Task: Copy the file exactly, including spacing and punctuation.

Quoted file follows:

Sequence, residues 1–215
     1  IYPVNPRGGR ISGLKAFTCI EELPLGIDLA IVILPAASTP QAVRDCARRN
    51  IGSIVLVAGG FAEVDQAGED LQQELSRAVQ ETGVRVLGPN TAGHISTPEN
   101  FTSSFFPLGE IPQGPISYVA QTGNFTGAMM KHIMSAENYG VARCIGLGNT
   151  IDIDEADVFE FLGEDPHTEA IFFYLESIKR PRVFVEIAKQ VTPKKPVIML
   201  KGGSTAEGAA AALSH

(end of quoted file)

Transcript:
Sequence, residues 1–215
     1  IYPVNPRGGR ISGLKAFTCI EELPLGIDLA IVILPAASTP QAVRDCARRN
    51  IGSIVLVAGG FAEVDQAGED LQQELSRAVQ ETGVRVLGPN TAGHISTPEN
   101  FTSSFFPLGE IPQGPISYVA QTGNFTGAMM KHIMSAENYG VARCIGLGNT
   151  IDIDEADVFE FLGEDPHTEA IFFYLESIKR PRVFVEIAKQ VTPKKPVIML
   201  KGGSTAEGAA AALSH